For Rory McIlroy, 2013 will be a year to forget. Coming off a massive win at the 2012 PGA Championship, it looked like this would be another solid season for the 24-year-old, but the year has continued to slip away and his opening round at the British Open didn't help.
An 8-over 79 on Thursday at Muirfield was the second time this season that Rory has carded that number in a major championship round, matching his third round 79 at Augusta National in April.
It also meant his streak of not breaking 70 continues, dating back to May 31, when Rory shot a 69 during the second round of the Memorial. That week McIlroy finished T-57 after missing the cut the week before at the BMW PGA Championship. He went on to finish T-41 at the U.S. Open and then missed the cut at the Irish Open, his last event before the Open.
Rory hit just five fairways on Thursday at Muirfield, carding two double-bogeys on his back nine including the 15th, where he putted a ball off the green into a bunker, a head-scratching mistake from the world No. 2.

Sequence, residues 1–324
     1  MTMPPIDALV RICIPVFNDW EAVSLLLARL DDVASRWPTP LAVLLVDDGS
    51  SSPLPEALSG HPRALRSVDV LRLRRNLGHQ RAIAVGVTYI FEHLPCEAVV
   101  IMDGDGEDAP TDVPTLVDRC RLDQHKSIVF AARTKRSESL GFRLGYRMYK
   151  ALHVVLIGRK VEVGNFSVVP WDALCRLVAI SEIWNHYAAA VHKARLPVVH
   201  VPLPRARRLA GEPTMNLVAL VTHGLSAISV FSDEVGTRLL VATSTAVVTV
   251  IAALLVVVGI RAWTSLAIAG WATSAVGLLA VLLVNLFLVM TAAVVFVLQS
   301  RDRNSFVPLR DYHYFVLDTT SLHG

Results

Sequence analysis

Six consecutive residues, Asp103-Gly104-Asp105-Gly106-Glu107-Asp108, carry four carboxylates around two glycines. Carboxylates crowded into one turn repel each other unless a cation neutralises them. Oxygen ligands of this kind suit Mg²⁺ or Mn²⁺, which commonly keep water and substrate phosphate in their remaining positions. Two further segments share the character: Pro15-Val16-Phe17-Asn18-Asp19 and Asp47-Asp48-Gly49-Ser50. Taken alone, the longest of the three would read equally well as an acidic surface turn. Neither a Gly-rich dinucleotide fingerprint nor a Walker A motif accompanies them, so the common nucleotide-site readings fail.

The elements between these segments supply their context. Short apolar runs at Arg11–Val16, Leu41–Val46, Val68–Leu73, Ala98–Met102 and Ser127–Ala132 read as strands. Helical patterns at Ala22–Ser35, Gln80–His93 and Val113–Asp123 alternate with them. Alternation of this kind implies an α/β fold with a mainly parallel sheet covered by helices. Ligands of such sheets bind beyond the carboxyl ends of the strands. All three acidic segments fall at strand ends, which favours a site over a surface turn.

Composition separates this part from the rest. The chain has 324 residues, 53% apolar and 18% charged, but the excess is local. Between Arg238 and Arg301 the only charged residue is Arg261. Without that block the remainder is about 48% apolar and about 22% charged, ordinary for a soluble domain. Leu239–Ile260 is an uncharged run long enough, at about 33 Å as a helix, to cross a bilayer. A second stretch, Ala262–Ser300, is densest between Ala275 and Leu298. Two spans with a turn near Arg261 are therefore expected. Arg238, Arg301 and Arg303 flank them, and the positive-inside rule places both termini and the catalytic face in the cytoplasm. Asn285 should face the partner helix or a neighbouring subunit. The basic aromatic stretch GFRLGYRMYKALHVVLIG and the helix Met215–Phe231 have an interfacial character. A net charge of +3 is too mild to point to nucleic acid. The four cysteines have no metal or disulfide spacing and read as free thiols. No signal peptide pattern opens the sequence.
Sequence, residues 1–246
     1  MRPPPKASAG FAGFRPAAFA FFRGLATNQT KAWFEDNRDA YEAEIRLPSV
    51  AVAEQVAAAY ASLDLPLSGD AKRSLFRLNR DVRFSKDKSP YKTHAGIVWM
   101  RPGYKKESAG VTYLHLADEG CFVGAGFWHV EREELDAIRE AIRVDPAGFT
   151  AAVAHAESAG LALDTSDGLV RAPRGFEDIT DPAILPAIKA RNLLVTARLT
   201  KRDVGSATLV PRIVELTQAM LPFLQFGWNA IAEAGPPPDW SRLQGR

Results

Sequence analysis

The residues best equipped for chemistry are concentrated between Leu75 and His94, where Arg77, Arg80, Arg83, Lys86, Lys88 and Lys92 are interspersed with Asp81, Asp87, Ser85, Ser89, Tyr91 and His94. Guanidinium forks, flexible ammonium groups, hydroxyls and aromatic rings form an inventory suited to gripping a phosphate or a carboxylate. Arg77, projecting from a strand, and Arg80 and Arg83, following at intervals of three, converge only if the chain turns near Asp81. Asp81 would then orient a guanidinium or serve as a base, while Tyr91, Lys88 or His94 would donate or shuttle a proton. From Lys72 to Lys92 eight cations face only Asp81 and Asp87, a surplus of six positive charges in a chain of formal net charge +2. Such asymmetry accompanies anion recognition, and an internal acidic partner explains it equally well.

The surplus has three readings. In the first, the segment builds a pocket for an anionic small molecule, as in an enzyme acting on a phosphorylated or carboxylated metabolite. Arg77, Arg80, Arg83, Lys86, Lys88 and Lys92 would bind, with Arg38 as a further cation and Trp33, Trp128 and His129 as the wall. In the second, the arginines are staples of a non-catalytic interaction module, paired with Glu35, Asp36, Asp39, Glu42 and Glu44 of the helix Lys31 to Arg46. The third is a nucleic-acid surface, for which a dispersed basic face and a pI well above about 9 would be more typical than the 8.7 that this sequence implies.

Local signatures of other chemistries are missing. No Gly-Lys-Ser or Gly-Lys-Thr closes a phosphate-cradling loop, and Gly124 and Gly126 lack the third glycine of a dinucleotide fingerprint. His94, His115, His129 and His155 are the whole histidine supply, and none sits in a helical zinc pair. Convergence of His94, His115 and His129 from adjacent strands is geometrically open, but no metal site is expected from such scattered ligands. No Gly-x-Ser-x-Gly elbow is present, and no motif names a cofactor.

Blame the club switch, blame his relationship, blame anything you want, but these struggles have everything to do with the way that Rory McIlroy is approaching the game of golf and nothing to do with what brand is affixed to his irons or who is the first person he texts when his round ends.
His golf game is not there, sure, but anyone who has picked up a golf club knows that this game is mental and moping around with your head towards the turf is going to do nothing good for your game or your confidence.
Rory is an extreme talent, nobody will argue that, but this slump has shown a lot about the kid's character. He gets down on himself with the game goes south, and can't seem to right the ship when the driver starts going sideways and the putts keeping rolling lips.
McIlroy is a good kid, and anybody who has spent some time around him would agree with that, but if he wants to be a legend he will need to change his mentality when his A game fails to make the trip. That is something we saw a lot when Tiger Woods was really in his prime, and something that McIlroy could learn from his Nike buddy.